From the workplace
One-half of the world’s population is touched by disabilities, either directly or through family, personal or working relationships. However, not all disabilities are visible or immediately apparent. Examples include autism, chronic pain, learning conditions, mental health conditions, sensory loss, and chronic conditions such as diabetes. Although we may not be able to see these invisible impairments, they can have a profound impact on people’s day-to-day life.
I am Chester-based and a member of the bank’s Disability Action Network, and this is my story of having a hidden disability and how the bank supported me.
I have scoliosis, which is a curvature of the spine. It’s a common condition that can occur in teenage girls, and I was diagnosed at 15-years-old after I started to experience pain between my shoulder blades, and I wasn’t standing straight.
I’m 28 now, and experience pain daily, along with other symptoms like headaches, vertigo and acne. It is possible to get an operation to try to straighten the spine, but spinal surgery can be risky, so I try to manage my condition through regular exercise and plenty of standing breaks away from my desk.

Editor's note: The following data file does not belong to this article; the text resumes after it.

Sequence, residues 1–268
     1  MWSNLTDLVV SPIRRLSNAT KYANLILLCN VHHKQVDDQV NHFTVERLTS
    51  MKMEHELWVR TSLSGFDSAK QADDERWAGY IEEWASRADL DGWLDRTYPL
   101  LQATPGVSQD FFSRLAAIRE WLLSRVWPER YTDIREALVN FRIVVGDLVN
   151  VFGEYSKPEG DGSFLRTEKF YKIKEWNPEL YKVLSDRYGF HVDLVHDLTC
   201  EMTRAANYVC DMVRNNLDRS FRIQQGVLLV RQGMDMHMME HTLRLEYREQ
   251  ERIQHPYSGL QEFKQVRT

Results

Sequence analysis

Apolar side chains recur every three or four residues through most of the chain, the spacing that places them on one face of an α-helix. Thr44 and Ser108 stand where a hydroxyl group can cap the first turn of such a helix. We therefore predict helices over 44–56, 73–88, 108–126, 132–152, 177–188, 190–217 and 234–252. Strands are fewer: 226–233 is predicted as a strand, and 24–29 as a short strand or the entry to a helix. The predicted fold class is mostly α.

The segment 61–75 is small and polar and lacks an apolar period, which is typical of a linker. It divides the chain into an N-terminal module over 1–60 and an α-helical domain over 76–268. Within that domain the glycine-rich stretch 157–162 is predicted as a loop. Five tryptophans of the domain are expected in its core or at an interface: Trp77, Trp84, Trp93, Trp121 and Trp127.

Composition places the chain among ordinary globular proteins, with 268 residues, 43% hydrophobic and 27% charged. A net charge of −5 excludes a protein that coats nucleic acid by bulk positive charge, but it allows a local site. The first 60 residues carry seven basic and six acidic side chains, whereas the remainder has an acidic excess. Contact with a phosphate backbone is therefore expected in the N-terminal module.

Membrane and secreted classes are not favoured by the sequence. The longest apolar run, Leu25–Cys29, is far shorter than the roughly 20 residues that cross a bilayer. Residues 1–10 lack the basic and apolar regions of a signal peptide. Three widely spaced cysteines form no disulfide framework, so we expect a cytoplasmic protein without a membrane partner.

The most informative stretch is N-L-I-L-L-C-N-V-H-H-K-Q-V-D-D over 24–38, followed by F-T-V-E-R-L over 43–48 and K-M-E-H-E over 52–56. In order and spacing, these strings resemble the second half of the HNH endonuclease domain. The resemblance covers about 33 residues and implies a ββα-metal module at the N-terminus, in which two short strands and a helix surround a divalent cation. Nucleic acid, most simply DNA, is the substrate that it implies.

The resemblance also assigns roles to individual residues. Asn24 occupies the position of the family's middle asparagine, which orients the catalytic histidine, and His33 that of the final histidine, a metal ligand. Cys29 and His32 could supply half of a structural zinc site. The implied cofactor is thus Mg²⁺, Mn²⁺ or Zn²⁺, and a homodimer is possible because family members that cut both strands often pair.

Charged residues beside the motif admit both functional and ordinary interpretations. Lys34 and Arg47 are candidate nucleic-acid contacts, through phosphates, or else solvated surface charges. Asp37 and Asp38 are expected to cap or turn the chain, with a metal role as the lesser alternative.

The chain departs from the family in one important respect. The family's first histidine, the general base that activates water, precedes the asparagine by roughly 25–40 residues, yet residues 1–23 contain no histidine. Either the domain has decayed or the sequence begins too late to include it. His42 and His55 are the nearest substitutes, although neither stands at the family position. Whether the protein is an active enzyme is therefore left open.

As I get older, I’m more prone to slipped discs, of which so far, I have two. If my spine continues to curve it could start to put pressure on my organs, so I need to be careful and monitor any deterioration. I also need to steer clear of activities such as bungee-jumping and trampolining!
I recently had a private health screening through the bank, and they referred me to a spinal specialist in Cheshire, who was incredibly helpful. They told me to look out for certain triggers such as pins and needles or shooting pains in my arms, which could be a sign of a trapped nerve and would require immediate medical attention. Before the screening, I had no idea that these were things I needed to look out for. We also discussed the impact that pregnancy might have on my body as well as my baby, should I ever decide to take that route.